Unraveling Isobel: Book Review

Novel: Unraveling Isobel | Goodreads
Release Date: January 22nd, 2012
Publisher: SimonPulse
Format: Hardcover
Source: ALA Midwinter
Challenge: None
 Isobel’s life is falling apart. Her mom just married some guy she met on the internet only three months before, and is moving them to his sprawling, gothic mansion off the coast of nowhere. Goodbye, best friend. Goodbye, social life. Hello, icky new stepfather, crunchy granola town, and unbelievably good-looking, officially off-limits stepbrother.
But on her first night in her new home, Isobel starts to fear that it isn’t only her life that’s unraveling—her sanity might be giving way too. Because either Isobel is losing her mind, just like her artist father did before her, or she’s seeing ghosts. Either way, Isobel’s fast on her way to being the talk of the town for all the wrong reasons.
(Image and Synopsis from Goodreads)

Willa’s Rambles:

When I first saw Unraveling Isobel, I fell in love with the cover, because you understand that Isobel is an artist, but nothing more, yet you are immediately drawn it. I wanted to know what the vines were representing, and why they were wrapping around her limbs, which was answered in the novel.

The storyline was never boring, and I was constantly on the edge on my seat, waiting for the next clue towards the mystery of what happened to Nathaniel’s mother and sister. The mystery of that night haunted Isobel, but in a way that purely unique, because she never knew them. She only knew that they were kind and caring to Nathaniel, which was all she cared about.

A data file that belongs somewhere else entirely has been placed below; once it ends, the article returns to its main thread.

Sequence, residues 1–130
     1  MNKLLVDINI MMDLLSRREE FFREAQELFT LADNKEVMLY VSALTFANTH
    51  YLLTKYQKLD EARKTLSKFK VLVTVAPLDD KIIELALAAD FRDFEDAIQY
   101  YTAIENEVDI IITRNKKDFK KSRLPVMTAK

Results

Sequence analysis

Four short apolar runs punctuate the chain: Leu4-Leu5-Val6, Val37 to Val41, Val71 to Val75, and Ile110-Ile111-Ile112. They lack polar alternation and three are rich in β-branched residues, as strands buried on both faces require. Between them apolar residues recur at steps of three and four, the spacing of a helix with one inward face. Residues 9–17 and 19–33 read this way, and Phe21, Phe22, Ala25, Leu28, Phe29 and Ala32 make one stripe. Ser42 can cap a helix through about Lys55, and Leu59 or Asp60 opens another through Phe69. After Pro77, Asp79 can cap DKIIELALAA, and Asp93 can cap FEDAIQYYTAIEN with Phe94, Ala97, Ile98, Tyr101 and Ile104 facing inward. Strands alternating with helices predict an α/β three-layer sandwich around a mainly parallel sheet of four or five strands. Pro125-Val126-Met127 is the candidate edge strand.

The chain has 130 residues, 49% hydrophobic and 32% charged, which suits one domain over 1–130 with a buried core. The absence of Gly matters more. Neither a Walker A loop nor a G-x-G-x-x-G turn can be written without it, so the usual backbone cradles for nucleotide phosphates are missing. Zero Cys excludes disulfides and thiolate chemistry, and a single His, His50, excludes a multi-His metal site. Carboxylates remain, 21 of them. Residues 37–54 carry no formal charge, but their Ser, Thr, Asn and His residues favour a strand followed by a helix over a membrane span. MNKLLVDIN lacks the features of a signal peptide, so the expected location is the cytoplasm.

Eileen Cook did a fantastic job building a story with a conflicted character who is faced with a difficult situation, and she made plently of mistakes along the way – Isobel is far from perfect, but I cared about her all the same. The choices she made were important to the storyline, especially the ones concerning Nathaniel and her relationship.

Nathaniel was a complex character himself, and at first I really didn’t like him. I didn’t like his reactions to Isobel’s kind gestures, and after she gave up being nice, he came around, and once he did, I fell in love with this guy. The whole step-brother thing was a bit twisted, but they weren’t technically related, so their situation was the issue.

The setting of Unraveling Isobel was beautifully described – I could picture it in my head with barely any description, especially the house. I pictured the library dusty and damp, but still warm and welcoming to Isobel and Nathaniel when they first hung out together. The way Eileen Cook described the town made you feel the cold vibes that Isobel got from the residents, so I could feel the way she felt walking through school on the first day.

Unraveling Isobel was fantastic. The storyline gripped you from page one, and didn’t let you go until you were gasping for air at the end. Eileen Cook has astounded readers again!

I’m excited to announce that I’ll be interviewing Eileen Cook on the blog! Look out for it!